- ItemOpen AccessA Characterisation and Understanding of the Germinal Centre B Cell Response to Atherosclerosis in Mice using Lineage TracingFrancis, AnnaAtherosclerosis is the most common cause of ischaemic heart disease and stroke which represent a global health concern responsible for significant levels of morbidity and mortality worldwide. It is a chronic inflammatory disease characterised by plaque build-up within arterial walls initiated by low density lipoprotein cholesterol. Elevated plasma LDL is a major risk factor for atherosclerosis and its immunogenic oxidation creates neo-epitopes that drive inflammatory immune responses underlying the pathogenesis of atherosclerosis. The germinal centre is found within secondary lymphoid organs and is responsible for the production of high affinity antibody-producing plasma cells and long-lived memory B cells against antigens such as epitopes of oxidised LDL. Class-switched plasma cells and anti-oxLDL IgG antibodies have been detected within atherosclerotic plaques and sera of human and mice suggesting that the germinal centre response is pathogenically dysregulated in atherosclerosis. The tamoxifen-inducible AID-CreERT2-Rosa-EYFP lineage tracing mouse model was used and crossed with the atherosclerosis-prone LDLr-deficient mouse model. This model inducibly and specifically labels germinal centre B cells and their progeny using tamoxifen allowing for tracking of atherosclerosis-specific B cell clones comprising germinal centre, memory, and plasma cells. LDLr-/- and LDLr+/- (‘WT’) mice were fed chow or high fat diet for up to 8 weeks and upon tamoxifen dosing (timing varied throughout studies) via intra-peritoneal injection or oral gavage, AID-expressing cells (germinal centre B cells) were fluorescently labelled with EYFP. Cells were analysed using flow cytometry and FlowJo software. All graphs and statistics were created using the GraphPad Prism 7.0. In this thesis, I sought to characterise and understand the germinal centre B cell response in atherosclerosis using a lineage tracing mouse model. Firstly, the model was validated as EYFP cells were only detected after tamoxifen administration and were only present in germinal centre-derived cell populations. Furthermore, labelling efficiency was independent of time, diet, or genotype. The germinal centre response was characterised in both WT and LDLr-/- mice demonstrating an time-dependent increase in germinal centre responses. Germinal centre reactions were exacerbated, greater in magnitude and degree of class-switching, by increased plasma cholesterol levels consequent of both HFD and knock out of the LDL receptor. The combination of HFD and LDLr-/- genotype, replicating atherosclerotic conditions, synergistically exacerbated germinal centre responses biased towards pathogenic cellular output due to elevated levels of class switching. Due to the permanence of EYFP labelling, it was possible to track EYFP labelled cells over time and throughout the course of atherosclerosis. Tracking studies revealed that hyperlipidaemic conditions induced by HFD resulted in longer-lived EYFP clones which had increased propensity to undergo class-switching. Furthermore, there was a greater output of EYFP labelled memory and plasma cells. To investigate the mechanism by which HFD induced greater germinal centre responses, interventions were conducted to block the impact of cholesterol and inflammation separately. Use of a cholesterol inhibitor drug and cholesterol free diet revealed that dietary cholesterol is key in driving the exacerbated germinal centre responses observed at early stages i.e., 4 weeks of atherosclerosis. Use of a cytokine inhibitor to dampen inflammation limited germinal centre responses at later stages of atherosclerosis i.e., 8 weeks, suggesting that inflammation plays an important role in germinal centre responses at this later timepoint. Thus, the model proposed is that dietary cholesterol is critical early on in atherosclerosis as disrupted lipid homeostasis results in autoimmune B cell responses with germinal centres primarily reacting to accumulated oxidised LDL while at later stages, the inflammation associated with atherosclerosis fuels exacerbated and pathogenic germinal centre responses. To examine the role of IgG2c and its receptor FcgRIV in atherosclerosis, the impact of IgG2c antibody complexes was tested in vitro. IgG2c significantly enhanced TNF secretion, a marker of inflammation, in FcgRIV-expressing myeloid-derived monocytes. Thus, IgG2c has the potential to exacerbate inflammatory responses from plaque macrophages and dendritic cells. In conclusion, the AID lineage tracing mouse model has been validated for use in the atherosclerosis setting. It has been characterised showing that germinal centre responses are exacerbated during the course of atherosclerosis and are skewed towards production of class- switched longer-lived B cell clones. Dietary cholesterol is the main driver of this pathogenic response in tandem with the inflammatory conditions caused by atherosclerosis. Germinal centre-derived IgG2c antibodies could play an important role in exacerbating inflammation within the plaque through plaque macrophages and dendritic cells. This thesis presents a model whereby atherogenic dyslipidaemia, as a result of elevated serum LDL levels, breaks down B cell tolerance. This results in autoimmune pathology characterised by exacerbated germinal centre responses skewed towards pathogenic antibody isotype clone production in response to LDL-induced inflammation. This provides an opportunity to target B cell-related atherosclerosis-specific responses therapeutically.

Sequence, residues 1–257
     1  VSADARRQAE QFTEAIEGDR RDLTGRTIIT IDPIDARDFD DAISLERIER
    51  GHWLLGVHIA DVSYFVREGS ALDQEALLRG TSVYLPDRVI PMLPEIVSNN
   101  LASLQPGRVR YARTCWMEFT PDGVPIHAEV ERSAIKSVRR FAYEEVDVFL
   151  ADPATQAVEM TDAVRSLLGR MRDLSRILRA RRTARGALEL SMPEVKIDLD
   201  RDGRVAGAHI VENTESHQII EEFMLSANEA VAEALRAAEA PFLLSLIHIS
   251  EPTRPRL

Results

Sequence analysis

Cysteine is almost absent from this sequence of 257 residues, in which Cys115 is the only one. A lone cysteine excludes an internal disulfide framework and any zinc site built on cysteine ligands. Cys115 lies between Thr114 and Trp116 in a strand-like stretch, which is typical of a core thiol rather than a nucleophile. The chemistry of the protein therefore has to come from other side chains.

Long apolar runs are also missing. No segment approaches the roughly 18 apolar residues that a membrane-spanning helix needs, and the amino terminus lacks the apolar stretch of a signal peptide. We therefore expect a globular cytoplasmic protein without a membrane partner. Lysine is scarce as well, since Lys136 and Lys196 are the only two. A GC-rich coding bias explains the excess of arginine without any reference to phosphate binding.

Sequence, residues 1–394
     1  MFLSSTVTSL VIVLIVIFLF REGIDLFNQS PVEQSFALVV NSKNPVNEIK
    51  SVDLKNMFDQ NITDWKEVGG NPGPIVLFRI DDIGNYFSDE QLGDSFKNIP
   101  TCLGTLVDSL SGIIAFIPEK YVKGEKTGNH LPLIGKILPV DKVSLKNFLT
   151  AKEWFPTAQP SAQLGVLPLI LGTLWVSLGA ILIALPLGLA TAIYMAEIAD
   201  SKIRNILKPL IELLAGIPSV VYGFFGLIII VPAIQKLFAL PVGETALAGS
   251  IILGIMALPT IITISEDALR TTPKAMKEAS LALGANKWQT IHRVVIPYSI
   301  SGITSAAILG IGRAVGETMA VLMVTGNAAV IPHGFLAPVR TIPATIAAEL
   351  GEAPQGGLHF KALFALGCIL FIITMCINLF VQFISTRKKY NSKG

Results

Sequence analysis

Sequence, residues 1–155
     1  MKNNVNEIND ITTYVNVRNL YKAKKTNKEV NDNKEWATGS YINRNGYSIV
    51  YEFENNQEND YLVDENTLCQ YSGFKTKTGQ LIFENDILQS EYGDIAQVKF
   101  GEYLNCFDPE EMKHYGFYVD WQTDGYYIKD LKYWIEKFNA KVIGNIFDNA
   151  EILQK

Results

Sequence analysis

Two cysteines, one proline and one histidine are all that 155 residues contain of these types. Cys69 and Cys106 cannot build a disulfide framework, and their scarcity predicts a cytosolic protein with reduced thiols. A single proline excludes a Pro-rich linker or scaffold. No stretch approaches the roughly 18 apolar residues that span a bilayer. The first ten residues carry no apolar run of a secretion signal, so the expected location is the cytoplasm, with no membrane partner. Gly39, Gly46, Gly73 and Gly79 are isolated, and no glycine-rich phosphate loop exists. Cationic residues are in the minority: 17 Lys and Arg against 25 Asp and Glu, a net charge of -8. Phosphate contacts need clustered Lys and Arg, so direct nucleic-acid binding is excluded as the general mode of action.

- ItemOpen AccessGaucher Disease Protects Against TuberculosisFan, JingwenBiallelic mutations in the glucocerebrosidase (GBA1) gene cause Gaucher disease, characterized by lysosomal accumulation of glucosylceramide and glucosylsphingosine in macrophages. This and other lysosomal diseases occur with high frequency in Ashkenazi Jews. It has been proposed that the underlying mutations confer a selective advantage, in particular conferring protection against tuberculosis. Here, using a zebrafish Gaucher disease model, I find that the mutation GBA1 N370S, predominant among Ashkenazi Jews, increases resistance to tuberculosis through the microbicidal activity of glucosylsphingosine in macrophage lysosomes. Consistent with lysosomal accumulation occurring only in homozygotes, heterozygotes remain susceptible to tuberculosis. Thus, our findings reveal a mechanistic basis for protection against tuberculosis by GBA1 N370S and provide biological plausibility for its selection if the relatively mild deleterious effects in homozygotes were offset by significant protection against tuberculosis, a rampant killer of the young in Europe from the Middle Ages through the 19th century.